The Chilliwack school district is stretching resources and doing its best to ensure children with special needs receive the support they require, says a recent report. But there is no clear solution for raising the necessary funds to improve services.
Independent consultant Dr. David Carter presented the final results of his review of special education in the district at Tuesday night’s school board meeting.
The report has been nine months in the making. Said parent Don Davis: “It’s about time.”
More than 30 parents and school staff came out to hear the results of the review, which are based on Carter’s visit to all but one district school, 82 individual parent interviews, and 291 parent surveys.
Just over nine per cent of Chilliwack’s students, 1,223 in total, are listed as having a disability, ranging from physical challenges, to intellectual and mental, to behavioural. The provincial average is 10 per cent. Of all categories, Carter found that autistic students present the biggest challenge, and that people are “unhappy more often around autism than any other category.”
Local education assistant Kathi Friesen told the board on Tuesday that staff training related to autism is lacking.
“It’s frustrating, especially around autism, where a classroom teacher has had no education around autism,” she says. “I’m very concerned about the people we are hiring as EAs. I’m one of them…I was not trained in anything specific to the job.”
This is especially important as EAs are increasingly doing the brunt of the work teaching special needs students, she says. Overall, Friesen was “thrilled” with Carter’s report and recommendations, and believes that he took people’s concerns seriously.
The district has about half the provincial average of students categorized as having serious mental illness or requiring intense behaviour intervention (category ‘H’) – a figure that has been declining. Although the district follows related Ministry of Education procedures closely, Carter noted that it may not have claimed all possible ‘H’ students, which would generate “discreet funding.”
Some parents feel that category H students draw services away from others, writes Carter in the report, and others feel that the funding that their child generated should be spent on their child alone. This, Carter explains, is a common misconception. One way to look at it is that children receiving less now, may receive above and beyond in the future if their illness progresses and they require more support.
The Chilliwack district spends almost 42 per cent more on special education than it receives from the province, which Carter says is “not unusual,” and in fact represents “the lower end of the ballpark” among comparative school districts.
Any additional funding must come from somewhere else, Carter said.
Chilliwack Teachers’ Association president Clint Johnston called the funding issue the “elephant in the room” at the meeting. Noble phrases, such as “do more with less,” should not apply to special needs children, he argued. They deserve full funding for the services they need.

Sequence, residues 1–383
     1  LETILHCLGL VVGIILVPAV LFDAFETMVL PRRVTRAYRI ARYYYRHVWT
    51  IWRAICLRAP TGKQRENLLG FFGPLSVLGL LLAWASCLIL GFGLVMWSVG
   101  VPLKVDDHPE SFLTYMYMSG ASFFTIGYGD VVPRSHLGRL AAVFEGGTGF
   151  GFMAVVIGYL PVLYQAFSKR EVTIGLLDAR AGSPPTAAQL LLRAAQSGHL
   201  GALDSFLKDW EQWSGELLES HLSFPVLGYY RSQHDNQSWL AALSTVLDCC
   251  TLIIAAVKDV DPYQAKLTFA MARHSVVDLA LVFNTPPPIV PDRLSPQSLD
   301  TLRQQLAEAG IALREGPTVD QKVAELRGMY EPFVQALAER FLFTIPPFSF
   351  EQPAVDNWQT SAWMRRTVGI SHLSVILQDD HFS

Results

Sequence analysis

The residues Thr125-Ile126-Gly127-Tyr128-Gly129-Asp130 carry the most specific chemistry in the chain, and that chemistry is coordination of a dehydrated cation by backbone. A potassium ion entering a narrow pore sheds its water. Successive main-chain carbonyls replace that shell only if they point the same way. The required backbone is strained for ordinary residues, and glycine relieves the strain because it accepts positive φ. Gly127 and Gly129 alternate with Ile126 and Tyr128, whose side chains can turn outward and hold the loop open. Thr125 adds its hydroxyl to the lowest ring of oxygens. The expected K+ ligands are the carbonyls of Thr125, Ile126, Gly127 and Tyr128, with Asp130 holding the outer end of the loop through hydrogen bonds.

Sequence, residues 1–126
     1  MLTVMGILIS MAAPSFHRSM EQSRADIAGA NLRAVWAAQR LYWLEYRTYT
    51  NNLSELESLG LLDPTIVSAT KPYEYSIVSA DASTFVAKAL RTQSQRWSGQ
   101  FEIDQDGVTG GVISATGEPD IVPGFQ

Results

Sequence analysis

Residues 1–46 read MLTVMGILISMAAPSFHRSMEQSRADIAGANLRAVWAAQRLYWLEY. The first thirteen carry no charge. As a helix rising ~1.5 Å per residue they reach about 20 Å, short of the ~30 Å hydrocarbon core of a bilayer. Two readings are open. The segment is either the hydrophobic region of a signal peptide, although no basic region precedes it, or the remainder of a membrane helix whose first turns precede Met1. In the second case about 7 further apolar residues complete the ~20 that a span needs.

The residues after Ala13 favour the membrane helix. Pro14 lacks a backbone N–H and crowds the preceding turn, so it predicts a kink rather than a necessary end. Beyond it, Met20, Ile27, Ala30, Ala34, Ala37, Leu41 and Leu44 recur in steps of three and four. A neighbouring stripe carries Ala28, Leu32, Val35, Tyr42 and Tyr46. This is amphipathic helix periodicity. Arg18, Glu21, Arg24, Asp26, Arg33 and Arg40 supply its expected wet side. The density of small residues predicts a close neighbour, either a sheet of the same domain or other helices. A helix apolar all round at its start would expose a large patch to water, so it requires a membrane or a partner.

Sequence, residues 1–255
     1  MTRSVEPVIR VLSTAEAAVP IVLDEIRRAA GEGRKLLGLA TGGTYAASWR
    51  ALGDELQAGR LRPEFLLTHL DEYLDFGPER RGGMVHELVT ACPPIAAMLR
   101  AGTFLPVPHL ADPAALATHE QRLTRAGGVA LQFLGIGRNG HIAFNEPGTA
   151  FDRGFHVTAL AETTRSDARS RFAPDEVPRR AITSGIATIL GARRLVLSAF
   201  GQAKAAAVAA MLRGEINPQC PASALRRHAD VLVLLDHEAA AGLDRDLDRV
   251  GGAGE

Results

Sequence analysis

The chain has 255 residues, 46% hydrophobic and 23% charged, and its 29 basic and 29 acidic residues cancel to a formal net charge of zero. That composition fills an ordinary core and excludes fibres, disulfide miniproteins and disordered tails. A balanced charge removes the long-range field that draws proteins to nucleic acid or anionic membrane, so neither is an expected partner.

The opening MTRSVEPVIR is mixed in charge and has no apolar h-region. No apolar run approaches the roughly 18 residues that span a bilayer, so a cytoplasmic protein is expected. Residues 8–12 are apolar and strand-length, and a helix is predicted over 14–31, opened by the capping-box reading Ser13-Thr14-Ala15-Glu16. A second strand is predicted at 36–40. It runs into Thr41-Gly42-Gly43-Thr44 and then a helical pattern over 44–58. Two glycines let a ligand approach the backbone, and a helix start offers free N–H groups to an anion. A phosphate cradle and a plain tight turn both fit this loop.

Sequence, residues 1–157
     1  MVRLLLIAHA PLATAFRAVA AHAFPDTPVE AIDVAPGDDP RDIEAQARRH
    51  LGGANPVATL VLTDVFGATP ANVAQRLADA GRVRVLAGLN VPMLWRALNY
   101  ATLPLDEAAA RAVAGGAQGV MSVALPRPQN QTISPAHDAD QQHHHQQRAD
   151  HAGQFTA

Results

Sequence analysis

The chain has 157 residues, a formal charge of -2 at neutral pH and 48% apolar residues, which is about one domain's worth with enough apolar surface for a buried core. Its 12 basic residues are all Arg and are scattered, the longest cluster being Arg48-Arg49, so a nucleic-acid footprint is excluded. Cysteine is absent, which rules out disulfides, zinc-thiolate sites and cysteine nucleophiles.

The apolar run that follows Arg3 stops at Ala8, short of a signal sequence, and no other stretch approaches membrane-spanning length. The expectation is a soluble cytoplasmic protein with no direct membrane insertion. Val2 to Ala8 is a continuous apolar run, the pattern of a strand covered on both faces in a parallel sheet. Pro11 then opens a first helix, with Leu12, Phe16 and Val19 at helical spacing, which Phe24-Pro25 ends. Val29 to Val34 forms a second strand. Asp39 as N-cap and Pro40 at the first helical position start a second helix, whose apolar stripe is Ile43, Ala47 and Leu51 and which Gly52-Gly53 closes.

If no new funding is entering the district, as the proposed provincial education budget freeze suggests, then district staff are forced to compete for the same shrinking money pool, he said.
“What it essentially does, is that, as a teacher, I can choose to advocate for my students, for my needy learners, or I can choose to advocate for myself. That’s not a choice I want to make. I feel I should be able to ask for a fair raise from my union…and at the same time, I should be able to advocate for more money for special education because I know it’s such a need.”
Among his many recommendations, Carter strongly believes the district should hire additional speech aids, and a full-time psychologist, which would improve services and reduce wait times for assessments. The psychologists “pay for themselves,” Carter said, because they can identify and transfer students to categories that provide additional funding.
He also recommends setting up a special education review working committee to consider the recommendations of the report. But several parents at the school board meeting on Tuesday felt that a parent should be included on the committee.
Overall, Carter found that parents are satisfied with the special education assistance their child receives, and many parents specifically mentioned a school staff member who was very supportive. However, many top comments were negative. The biggest complaint was that individual education plans took too long. Many educational assistants (EA), on their part, said they needed more time to spend with children, and they lacked resources. Teachers also mentioned needing more EA time. Administrators were also very dissatisfied with the slowness of receiving services.
Carter concludes the report: “Chilliwack is a district offering special education services that overall are equal to those seen in most B.C. school districts. This district operates under very tight budget constrains (as do all) and is making careful and thoughtful use of the resources at its disposal.”
The “frustration among staff and parents” is due solely to a situation in which “complex children are included in modern classrooms and resources are very, very tight,” and not to staff or district efforts.
The board toyed with the idea of having an implementation plan set by the end of May, but recognized that realistically, it may not be possible until the beginning of the next school year.
The entire report is available through the Chilliwack school district firstname.lastname@example.org twitter.com/WriteInBC